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2. High-Volume, Low-Cost Spay/Neuter

Low cost, high volume spay/neuter will quickly lead to fewer animals entering the shelter system, allowing more resources to be allocated toward saving lives.


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3. Rescue Groups

An adoption or transfer to a rescue group frees up scarce cage and kennel space, reduces expenses for feeding, cleaning, killing, and improves a community's rate of lifesaving. In an environment of millions of dogs and cats killed in shelters annually, rare is the circumstance in which a rescue group should be denied an animal.


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4. Foster Care

Volunteer foster care is crucial to No Kill. Without it, saving lives is compromised. It is a low cost, and often no cost, way of increasing a shelter's capacity, improving public relations, increasing a shelter's public image, rehabilitating sick and injured or behaviorally challenged animals, and saving lives.


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5. Comprehensive Adoption Programs

Adoptions are vital to an agency's lifesaving mission. The quantity and quality of shelter adoptions is in shelter management's hands, making lifesaving a direct function of shelter policies and practice. In fact, studies show people get their animals from shelters only 20% of the time. If shelters better promoted their animals and had adoption programs responsive to the needs of the community, including public access hours for working people, offsite adoptions, adoption incentives, and effective marketing, they could increase the number of homes available and replace killing with adoptions. Contrary to conventional wisdom, shelters can adopt their way out of killing.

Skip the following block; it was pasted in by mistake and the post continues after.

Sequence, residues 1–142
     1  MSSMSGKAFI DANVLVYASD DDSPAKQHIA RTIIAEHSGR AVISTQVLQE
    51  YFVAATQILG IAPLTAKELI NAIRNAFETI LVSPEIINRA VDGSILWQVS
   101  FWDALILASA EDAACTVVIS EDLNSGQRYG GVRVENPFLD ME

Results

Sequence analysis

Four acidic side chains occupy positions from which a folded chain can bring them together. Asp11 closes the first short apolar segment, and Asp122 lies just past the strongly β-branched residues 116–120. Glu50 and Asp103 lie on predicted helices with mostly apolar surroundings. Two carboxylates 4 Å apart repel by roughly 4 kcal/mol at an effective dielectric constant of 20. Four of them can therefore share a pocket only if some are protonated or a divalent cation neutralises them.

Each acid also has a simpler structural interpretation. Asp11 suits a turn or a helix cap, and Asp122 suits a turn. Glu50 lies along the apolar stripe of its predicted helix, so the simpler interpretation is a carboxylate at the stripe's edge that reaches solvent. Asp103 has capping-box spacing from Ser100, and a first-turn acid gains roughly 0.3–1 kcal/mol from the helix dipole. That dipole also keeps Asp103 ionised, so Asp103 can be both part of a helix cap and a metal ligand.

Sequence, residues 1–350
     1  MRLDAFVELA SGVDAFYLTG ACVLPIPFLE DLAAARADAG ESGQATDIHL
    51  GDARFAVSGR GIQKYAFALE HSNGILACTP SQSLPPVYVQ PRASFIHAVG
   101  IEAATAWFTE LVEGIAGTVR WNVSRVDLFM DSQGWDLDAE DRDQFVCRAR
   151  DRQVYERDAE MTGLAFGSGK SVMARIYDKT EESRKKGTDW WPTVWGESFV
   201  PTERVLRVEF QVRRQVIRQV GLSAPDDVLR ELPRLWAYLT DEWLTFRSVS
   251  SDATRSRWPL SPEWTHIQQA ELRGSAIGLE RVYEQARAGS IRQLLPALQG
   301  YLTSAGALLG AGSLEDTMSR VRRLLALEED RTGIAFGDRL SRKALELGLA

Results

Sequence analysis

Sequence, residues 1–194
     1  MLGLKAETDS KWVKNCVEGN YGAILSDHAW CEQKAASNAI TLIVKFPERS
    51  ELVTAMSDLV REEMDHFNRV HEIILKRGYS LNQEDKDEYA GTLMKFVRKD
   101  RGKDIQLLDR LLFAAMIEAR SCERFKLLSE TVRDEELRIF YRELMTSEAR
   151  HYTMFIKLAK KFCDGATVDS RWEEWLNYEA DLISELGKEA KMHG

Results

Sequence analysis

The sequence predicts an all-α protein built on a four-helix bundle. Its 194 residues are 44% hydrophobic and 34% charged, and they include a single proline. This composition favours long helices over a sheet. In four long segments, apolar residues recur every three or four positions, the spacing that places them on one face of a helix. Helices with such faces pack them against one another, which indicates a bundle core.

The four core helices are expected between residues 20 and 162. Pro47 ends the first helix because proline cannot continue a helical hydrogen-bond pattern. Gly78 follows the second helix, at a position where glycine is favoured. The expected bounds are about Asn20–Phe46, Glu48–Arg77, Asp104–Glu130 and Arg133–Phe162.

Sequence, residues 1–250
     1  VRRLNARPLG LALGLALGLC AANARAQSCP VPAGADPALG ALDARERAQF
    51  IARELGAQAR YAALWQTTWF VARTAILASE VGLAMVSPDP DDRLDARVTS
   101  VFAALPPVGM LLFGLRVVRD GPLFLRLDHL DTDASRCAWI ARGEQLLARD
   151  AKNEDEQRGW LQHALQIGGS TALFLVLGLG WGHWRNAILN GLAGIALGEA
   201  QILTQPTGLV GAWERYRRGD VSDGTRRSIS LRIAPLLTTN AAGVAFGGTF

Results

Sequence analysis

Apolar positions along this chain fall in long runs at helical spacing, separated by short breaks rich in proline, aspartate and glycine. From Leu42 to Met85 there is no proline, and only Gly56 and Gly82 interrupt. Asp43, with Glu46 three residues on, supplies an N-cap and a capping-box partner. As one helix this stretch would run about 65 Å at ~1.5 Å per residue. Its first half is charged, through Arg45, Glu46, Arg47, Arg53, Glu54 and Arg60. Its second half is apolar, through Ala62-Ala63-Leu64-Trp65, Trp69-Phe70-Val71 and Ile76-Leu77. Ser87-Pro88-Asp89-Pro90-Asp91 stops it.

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6. Pet Retention

While some of the reasons animals are surrendered to shelters are unavoidable, others can be prevented-but only if shelters are willing to work with people to help them solve their problems. Saving animals requires communities to develop innovative strategies for keeping people and their companion animals together. And the more a community sees its shelters as a place to turn for advice and assistance, the easier this job will be.


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7. Medical and Behavior Programs

In order to meet its commitment to a lifesaving guarantee for all savable animals, shelters need to keep animals happy and healthy and keep animals moving through the system. To do this, shelters must put in place comprehensive vaccination, handling, cleaning, socialization, and care policies before animals get sick and rehabilitative efforts for those who come in sick, injured, unweaned, or traumatized.


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8. Public Relations/Community Involvement

Increasing adoptions, maximizing donations, recruiting volunteers and partnering with community agencies comes down to one thing: increasing the shelter's exposure. And that means consistent marketing and public relations. Public relations and marketing are the foundation of all a shelter's activities and their success. To do all these things well, the shelter must be in the public eye.


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9. Volunteers

Volunteers are a dedicated "army of compassion" and the backbone of a successful No Kill effort. There is never enough staff, never enough dollars to hire more staff, and always more needs than paid human resources. That is where volunteers come in and make the difference between success and failure and, for the animals, life and death.


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10. Proactive Redemptions

One of the most overlooked areas for reducing killing in animal control shelters are lost animal reclaims. Sadly, besides having pet owners fill out a lost pet report, very little effort is made in this area of shelter operations. This is unfortunate because doing so-primarily shifting from passive to a more proactive approach-has proven to have a significant impact on lifesaving and allow shelters to return a large percentage of lost animals to their families.


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11. A Compassionate Director

The final element of the No Kill equation is the most important of all, without which all other elements are thwarted-a hard working, compassionate animal control or shelter director not content to regurgitate tired cliches or hide behind the myth of "too many animals, not enough homes." Unfortunately, this one is also oftentimes the hardest one to demand and find.